Coney Island (Norton Point) Lighthouse

 


Location: Western tip of Coney Island.

Description: 75-foot white skeletal tower, central steel column with 87 steps, black gallery and lantern. Original optic was Fourth Order lens flashing red every ten seconds.

History of light:

  • 1890: Two range lights built to help ships around Norton's Point. First lit August 1.

  • 1891: Fog bell established at station.

  • 1896: Front range light discontinued.

  • 1915: 600-foot seawall built to help prevent erosion.

  • 1918, April 11: Storm claims fog bell.

  • 1919: Fog bell replaced and riprap added to help protect it.

  • 1960: Frank Schubert is assigned to station. Frank had begun his lighthouse career in 1938 aboard the tender Tulip.

  • December 2003: Frank Schubert, America's last civilian lightkeeper, passes away.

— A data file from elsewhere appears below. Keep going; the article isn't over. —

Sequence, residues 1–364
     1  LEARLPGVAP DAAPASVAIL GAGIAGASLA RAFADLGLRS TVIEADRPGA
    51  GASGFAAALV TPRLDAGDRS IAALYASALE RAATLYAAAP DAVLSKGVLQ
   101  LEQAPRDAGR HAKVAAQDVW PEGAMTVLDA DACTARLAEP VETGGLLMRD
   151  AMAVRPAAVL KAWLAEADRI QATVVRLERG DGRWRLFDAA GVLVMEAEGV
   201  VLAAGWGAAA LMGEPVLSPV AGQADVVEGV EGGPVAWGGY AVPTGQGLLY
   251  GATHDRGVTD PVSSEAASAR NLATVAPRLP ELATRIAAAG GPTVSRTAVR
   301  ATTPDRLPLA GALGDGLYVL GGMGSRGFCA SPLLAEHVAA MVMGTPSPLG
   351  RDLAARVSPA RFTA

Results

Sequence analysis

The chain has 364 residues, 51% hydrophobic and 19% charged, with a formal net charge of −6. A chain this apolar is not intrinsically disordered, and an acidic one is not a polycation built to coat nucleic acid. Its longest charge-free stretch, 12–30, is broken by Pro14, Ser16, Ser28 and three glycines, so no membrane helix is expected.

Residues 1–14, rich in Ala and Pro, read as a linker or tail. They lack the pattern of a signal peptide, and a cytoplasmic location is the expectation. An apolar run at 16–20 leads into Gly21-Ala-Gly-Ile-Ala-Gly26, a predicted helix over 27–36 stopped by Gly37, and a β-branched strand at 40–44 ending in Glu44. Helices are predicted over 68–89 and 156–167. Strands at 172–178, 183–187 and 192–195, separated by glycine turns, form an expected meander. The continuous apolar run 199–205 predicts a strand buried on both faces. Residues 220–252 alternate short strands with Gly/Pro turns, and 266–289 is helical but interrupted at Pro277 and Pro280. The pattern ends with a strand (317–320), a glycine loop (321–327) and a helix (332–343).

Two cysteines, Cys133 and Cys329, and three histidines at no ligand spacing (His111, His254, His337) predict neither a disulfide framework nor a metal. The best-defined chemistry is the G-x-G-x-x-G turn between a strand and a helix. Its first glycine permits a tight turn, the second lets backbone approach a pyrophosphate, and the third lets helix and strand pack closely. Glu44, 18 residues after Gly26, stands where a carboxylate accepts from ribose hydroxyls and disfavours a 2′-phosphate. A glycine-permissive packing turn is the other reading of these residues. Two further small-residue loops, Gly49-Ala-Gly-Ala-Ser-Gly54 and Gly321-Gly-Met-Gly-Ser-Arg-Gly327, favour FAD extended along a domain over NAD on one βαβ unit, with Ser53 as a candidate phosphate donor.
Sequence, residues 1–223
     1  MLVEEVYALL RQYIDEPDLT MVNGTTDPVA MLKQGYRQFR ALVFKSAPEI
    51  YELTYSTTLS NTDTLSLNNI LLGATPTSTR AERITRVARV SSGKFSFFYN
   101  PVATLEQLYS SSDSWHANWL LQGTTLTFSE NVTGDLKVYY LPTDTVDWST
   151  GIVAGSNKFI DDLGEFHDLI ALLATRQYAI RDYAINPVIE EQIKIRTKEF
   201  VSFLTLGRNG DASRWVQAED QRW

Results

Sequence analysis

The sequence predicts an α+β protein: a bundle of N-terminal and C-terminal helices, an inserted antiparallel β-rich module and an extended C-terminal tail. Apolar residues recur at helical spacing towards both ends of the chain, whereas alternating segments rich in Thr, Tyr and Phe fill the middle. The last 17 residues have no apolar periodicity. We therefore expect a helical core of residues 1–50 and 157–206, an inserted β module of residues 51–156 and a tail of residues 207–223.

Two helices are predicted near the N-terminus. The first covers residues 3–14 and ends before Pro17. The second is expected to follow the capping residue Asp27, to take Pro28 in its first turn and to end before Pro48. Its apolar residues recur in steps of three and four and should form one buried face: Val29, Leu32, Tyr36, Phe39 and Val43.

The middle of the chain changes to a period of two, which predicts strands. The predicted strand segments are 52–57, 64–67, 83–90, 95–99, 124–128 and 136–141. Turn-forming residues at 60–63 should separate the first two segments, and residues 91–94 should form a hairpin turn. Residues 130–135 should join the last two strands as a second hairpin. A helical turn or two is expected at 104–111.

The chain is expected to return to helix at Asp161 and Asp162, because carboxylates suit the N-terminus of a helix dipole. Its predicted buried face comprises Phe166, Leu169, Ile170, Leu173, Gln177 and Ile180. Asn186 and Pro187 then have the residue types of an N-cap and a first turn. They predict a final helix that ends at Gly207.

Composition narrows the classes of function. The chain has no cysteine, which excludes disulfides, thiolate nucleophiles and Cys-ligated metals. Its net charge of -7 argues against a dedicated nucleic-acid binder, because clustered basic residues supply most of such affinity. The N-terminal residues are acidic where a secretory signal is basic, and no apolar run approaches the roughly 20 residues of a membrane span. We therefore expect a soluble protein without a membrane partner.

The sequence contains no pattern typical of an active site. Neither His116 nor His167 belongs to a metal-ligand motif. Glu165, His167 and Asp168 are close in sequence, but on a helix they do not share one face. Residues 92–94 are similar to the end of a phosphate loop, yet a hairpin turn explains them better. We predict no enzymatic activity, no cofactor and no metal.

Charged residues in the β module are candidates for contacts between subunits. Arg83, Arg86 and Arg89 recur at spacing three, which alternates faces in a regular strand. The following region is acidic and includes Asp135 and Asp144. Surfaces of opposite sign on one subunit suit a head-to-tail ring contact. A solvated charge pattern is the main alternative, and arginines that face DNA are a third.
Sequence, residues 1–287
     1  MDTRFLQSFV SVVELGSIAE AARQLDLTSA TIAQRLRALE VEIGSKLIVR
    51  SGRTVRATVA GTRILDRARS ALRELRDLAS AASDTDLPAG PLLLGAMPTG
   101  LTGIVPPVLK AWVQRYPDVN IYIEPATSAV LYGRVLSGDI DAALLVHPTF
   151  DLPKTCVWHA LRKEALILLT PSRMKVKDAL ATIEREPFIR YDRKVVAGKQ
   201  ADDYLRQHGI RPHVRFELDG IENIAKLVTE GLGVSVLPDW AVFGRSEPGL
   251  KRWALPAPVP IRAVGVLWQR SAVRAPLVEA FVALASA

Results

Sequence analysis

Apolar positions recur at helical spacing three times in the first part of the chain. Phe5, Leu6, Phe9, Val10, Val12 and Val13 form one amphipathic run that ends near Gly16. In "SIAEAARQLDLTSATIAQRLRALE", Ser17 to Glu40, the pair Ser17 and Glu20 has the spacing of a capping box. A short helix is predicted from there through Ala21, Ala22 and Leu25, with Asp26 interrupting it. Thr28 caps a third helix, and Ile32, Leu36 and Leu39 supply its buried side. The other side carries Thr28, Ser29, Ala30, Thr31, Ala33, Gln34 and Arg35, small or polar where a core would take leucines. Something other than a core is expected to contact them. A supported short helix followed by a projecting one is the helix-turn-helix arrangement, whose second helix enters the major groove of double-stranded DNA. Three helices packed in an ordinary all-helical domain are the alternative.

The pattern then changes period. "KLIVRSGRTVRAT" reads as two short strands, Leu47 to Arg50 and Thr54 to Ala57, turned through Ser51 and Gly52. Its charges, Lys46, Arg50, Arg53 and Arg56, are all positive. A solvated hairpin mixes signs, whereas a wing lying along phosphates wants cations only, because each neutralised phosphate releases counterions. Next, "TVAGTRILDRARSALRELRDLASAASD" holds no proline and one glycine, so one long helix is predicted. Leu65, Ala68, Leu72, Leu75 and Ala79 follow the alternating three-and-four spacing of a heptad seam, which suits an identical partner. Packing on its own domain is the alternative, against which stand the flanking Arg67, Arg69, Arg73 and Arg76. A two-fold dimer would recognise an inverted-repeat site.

Current use: Active aid to navigation.

Public access? No. Located in a private community in Brooklyn called Seagate, between B47 and B48 streets.

Similar Lights: None locally extant, but the tower was built as an exact duplicate of the Throgg's Neck tower. The dwelling was built as an exact duplicate of the Gould Island, Rhode Island dwelling.

Other information: Harbour Lights created a replica of this light in 2001.

 


Frank Schubert (the last U.S. civilian lighthouse keeper)
and Blazer. Frank passed away in December 2003.

 

 

 

 

 

 

Research materials for this lighthouse can be found at the East Islip Public Library, East Islip, New York.
 
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